Polyester taffeta is made to imitate silk taffeta, which is one of the oldest luxury fabrics in the world, dating to the third century when it was woven by Persian artisans. Applications using polyester taffeta run the gamut from high fashion to insulation.
Polyester taffeta is fine, tightly-woven, and made in a plain, flat weave with approximately the same number of yarns in both directions. Taffeta can be soft or stiff, and either light or medium in weight. Polyester taffeta can come in a wide range of colors which include metallic hues, and has a lustrous surface.
Polyester taffeta is naturally UV-resistant and has a low moisture retention rating, allowing moisture to dry rapidly. Polyester taffeta resists stretching and sagging. Polyester taffeta is often put through a moire finish, which gives the taffeta a wavy or rippled pattern which resembles the appearance of light through water.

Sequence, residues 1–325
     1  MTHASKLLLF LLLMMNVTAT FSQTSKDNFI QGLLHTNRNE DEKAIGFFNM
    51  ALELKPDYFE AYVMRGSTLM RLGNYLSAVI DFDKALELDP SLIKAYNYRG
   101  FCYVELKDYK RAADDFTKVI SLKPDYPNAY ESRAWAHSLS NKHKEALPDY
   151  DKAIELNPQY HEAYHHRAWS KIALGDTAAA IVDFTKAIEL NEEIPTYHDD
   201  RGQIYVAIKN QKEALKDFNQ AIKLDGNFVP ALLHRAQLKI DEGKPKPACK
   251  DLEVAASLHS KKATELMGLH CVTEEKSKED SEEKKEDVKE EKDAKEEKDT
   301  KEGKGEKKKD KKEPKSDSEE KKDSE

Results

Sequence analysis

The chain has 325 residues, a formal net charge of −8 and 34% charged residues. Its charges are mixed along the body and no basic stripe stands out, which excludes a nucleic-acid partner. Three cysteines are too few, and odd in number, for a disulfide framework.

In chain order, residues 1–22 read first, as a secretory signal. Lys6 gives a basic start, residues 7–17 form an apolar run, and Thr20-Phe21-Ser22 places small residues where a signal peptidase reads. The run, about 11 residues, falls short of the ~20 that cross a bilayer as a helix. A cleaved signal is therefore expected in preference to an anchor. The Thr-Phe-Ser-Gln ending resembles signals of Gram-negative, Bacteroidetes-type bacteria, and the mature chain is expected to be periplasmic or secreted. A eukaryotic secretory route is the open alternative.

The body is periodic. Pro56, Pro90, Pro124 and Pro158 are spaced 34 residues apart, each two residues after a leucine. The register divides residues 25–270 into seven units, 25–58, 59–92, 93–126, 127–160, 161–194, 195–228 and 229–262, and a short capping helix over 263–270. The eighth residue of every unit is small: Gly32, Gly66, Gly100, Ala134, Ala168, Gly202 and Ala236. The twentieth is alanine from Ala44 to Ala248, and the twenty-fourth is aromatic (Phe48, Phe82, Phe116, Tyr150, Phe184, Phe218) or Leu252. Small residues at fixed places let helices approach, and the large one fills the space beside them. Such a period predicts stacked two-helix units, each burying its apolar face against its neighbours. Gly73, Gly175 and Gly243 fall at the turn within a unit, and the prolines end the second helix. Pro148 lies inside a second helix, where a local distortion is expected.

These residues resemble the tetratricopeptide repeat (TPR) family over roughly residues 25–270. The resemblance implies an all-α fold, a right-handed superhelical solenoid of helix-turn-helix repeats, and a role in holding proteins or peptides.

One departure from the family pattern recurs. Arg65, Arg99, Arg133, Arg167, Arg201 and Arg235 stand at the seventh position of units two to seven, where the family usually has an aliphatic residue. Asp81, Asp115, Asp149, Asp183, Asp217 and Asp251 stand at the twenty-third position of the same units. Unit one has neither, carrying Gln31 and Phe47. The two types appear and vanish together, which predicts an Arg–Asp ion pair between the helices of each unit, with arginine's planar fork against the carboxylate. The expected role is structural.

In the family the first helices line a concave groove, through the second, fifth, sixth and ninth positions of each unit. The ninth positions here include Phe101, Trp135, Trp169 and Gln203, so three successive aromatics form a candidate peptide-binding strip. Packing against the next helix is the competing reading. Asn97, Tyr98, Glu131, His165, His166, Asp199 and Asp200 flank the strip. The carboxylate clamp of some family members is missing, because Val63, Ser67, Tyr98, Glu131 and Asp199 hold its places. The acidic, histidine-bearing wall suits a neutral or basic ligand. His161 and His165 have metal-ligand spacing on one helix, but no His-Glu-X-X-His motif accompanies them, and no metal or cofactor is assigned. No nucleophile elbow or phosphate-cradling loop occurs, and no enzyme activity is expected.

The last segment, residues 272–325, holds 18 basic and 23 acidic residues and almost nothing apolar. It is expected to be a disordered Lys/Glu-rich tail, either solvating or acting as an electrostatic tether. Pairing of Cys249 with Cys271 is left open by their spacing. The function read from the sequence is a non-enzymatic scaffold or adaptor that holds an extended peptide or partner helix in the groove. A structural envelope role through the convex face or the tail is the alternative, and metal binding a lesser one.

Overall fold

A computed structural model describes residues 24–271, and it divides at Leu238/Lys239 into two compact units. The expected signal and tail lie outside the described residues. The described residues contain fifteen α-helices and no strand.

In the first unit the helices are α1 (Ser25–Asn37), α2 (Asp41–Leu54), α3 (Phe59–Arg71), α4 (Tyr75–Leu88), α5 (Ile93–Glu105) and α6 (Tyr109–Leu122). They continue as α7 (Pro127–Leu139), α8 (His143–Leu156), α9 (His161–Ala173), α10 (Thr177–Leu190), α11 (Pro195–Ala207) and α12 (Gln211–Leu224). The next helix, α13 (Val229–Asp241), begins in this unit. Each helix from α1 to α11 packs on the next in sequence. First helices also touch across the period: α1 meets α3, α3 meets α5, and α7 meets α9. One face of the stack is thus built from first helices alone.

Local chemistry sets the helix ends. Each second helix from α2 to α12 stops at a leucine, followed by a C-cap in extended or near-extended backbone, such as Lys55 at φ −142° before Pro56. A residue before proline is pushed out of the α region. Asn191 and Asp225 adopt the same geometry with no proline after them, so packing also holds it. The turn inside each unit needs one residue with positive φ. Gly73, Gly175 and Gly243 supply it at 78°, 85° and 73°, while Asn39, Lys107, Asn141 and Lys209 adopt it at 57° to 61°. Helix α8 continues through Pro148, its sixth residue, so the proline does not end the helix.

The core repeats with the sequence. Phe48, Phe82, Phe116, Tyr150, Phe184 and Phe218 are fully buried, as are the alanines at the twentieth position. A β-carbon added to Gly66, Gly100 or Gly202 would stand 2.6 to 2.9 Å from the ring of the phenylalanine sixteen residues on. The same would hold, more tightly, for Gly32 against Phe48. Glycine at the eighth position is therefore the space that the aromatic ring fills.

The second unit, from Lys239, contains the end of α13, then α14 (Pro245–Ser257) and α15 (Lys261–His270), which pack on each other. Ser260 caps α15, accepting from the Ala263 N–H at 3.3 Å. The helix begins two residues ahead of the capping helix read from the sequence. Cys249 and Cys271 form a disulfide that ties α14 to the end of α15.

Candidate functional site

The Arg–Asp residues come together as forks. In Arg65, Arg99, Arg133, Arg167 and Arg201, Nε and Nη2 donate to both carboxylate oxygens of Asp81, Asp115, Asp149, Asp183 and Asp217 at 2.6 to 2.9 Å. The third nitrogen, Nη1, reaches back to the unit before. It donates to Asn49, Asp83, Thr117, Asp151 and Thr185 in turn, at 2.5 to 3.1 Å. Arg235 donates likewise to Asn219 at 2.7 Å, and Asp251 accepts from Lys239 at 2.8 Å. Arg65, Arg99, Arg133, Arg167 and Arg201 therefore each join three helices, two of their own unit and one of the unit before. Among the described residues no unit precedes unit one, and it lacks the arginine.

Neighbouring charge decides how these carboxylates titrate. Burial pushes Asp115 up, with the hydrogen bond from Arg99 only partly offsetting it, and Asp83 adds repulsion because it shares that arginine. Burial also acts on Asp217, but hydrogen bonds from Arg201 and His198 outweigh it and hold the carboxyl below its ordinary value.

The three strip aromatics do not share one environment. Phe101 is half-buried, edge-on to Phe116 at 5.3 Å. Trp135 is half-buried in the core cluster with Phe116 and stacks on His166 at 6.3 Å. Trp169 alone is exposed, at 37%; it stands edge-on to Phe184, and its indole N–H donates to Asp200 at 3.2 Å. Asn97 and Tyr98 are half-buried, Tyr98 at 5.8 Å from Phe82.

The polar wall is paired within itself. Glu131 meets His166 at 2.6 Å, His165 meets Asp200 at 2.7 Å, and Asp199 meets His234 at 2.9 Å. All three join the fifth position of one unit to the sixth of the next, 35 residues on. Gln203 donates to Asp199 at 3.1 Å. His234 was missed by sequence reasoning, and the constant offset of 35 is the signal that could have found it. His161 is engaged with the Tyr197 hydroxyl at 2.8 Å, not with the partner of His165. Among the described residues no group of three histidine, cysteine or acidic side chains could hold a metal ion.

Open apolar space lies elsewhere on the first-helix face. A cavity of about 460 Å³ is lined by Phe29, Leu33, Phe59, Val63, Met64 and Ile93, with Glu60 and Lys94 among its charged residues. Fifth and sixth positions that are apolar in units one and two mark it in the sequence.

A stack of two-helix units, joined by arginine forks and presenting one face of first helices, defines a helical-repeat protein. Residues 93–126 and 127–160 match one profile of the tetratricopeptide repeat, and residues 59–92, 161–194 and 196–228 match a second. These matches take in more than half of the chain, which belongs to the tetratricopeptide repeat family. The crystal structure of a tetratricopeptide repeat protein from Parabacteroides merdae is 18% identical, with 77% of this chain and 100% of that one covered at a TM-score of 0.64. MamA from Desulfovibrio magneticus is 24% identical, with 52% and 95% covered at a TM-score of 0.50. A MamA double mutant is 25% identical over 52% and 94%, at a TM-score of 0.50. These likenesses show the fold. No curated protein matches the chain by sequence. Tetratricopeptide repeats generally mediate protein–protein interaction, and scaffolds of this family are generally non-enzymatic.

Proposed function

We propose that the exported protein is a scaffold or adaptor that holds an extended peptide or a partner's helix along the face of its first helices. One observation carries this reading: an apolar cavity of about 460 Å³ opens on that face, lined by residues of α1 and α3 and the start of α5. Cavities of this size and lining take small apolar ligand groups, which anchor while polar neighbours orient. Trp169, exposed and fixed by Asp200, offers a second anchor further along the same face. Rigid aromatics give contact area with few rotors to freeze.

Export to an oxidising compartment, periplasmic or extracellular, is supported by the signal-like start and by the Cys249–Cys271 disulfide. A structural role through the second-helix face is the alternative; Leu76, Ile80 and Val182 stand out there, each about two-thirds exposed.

Taffeta is used in evening dresses, ribbons, couture fashion, chiffon, georgette, umbrellas, and in the linings of academic hoods. Softer taffetas is often used in a variety of linings, and even sometimes in electrical insulation.
Taffeta fabric should be dry-cleaned, and pressed with a warm (but not hot) iron to straighten any wrinkles. Stains should be indicated to dry cleaning professionals, as additional or special care may be needed if the stain has set.
Polyester taffeta is usually produced in automated weaving facilities, and put through either a yarn or batch dying process. Yarn dying taffeta usually produces a heavier, stiffer taffeta which produces a distinct rustle. Batch-dyed taffeta is usually far softer, and is usually used as insulation or linings.
References and ResourcesFoundmark: Technical Glossary of Fabrics
Denver Fabrics: Taffeta
All Uniforms: Fabric Guide
Encyclopedia Britannica: Taffeta
Stitch 'n Save: Fabric Care